Wilderness trips were our first chance to really be away from Chewonki since we got here. I had been having trouble really settling in; trouble feeling like I was home. I would wake up every morning expecting to be home, then realize where I was, and then go about my day. Wilderness trips were the exception to this though. Everyday we’d wake up would be different than the previous day: we’d wake up somewhere, go about doing things in a different way, set off at a different time after eating a different meal. While exciting, this sense of irregularity can be taxing. I used to thrive on this, trying to make my life chaotic and fluctuating. But as I get older, I realize that there is a pleasantness in consistency. I was robbed of this pleasantness while on my trip.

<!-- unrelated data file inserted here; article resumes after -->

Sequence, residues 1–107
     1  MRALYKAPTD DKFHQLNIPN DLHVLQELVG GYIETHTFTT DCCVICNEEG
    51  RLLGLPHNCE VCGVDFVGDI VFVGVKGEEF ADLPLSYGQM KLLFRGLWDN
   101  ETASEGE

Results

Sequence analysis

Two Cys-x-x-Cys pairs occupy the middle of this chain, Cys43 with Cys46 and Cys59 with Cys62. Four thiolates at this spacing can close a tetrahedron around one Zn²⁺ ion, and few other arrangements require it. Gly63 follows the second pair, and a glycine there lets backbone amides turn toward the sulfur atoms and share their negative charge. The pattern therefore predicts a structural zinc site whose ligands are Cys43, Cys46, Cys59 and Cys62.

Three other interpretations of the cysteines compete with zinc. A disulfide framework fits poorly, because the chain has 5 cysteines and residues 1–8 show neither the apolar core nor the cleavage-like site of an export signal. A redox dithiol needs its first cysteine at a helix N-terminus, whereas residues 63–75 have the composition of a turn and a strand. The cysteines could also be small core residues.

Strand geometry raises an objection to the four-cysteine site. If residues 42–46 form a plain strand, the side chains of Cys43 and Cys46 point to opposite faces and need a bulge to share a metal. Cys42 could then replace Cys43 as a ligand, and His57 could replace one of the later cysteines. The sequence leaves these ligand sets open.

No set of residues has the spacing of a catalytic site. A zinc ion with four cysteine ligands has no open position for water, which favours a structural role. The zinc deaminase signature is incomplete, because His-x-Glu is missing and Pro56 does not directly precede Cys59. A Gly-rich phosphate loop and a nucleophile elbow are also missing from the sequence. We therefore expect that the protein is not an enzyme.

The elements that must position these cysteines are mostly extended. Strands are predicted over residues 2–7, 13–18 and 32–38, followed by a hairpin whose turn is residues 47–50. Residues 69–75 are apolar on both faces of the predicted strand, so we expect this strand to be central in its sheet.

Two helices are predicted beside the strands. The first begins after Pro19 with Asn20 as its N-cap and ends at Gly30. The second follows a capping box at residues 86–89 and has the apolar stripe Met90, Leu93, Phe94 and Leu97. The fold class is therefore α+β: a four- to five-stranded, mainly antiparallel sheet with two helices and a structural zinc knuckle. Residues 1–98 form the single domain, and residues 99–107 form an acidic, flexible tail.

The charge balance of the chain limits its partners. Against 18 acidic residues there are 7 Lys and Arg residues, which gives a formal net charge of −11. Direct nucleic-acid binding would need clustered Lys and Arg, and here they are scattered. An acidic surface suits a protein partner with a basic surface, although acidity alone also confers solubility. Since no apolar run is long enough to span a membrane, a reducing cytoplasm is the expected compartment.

What made that particularly tough was that when I left Chewonki that Monday morning, I didn’t feel like I was leaving home. I was still waking up expecting to be in my room back at home. Getting back to Chewonki on Friday was a nice feeling, being able to do my laundry, get rid of my perpetual stinkiness (a combination of salt water, sweat, and a borrowed sleeping bag from pack-out) that had been following me around during the trip, and just put my feet up and listen to music. That afternoon and was nice and relaxing, as was the evening the followed. But what happened next surprised me.
I woke up, and I was home. I was in my cabin, with Kevin’s head a shelf’s width away from my feet, and Jack across the room snoring. I had fallen asleep expecting to be here when I woke up, and I was not surprised to be there.
They say that you don’t know what you have till it’s gone. I hadn’t felt that I had a home in Chewonki until I had been deprived of it. That Friday afternoon, in the perpetually growing rain, I had come home without knowing it.
-Scott Kulicke, Narberth, PA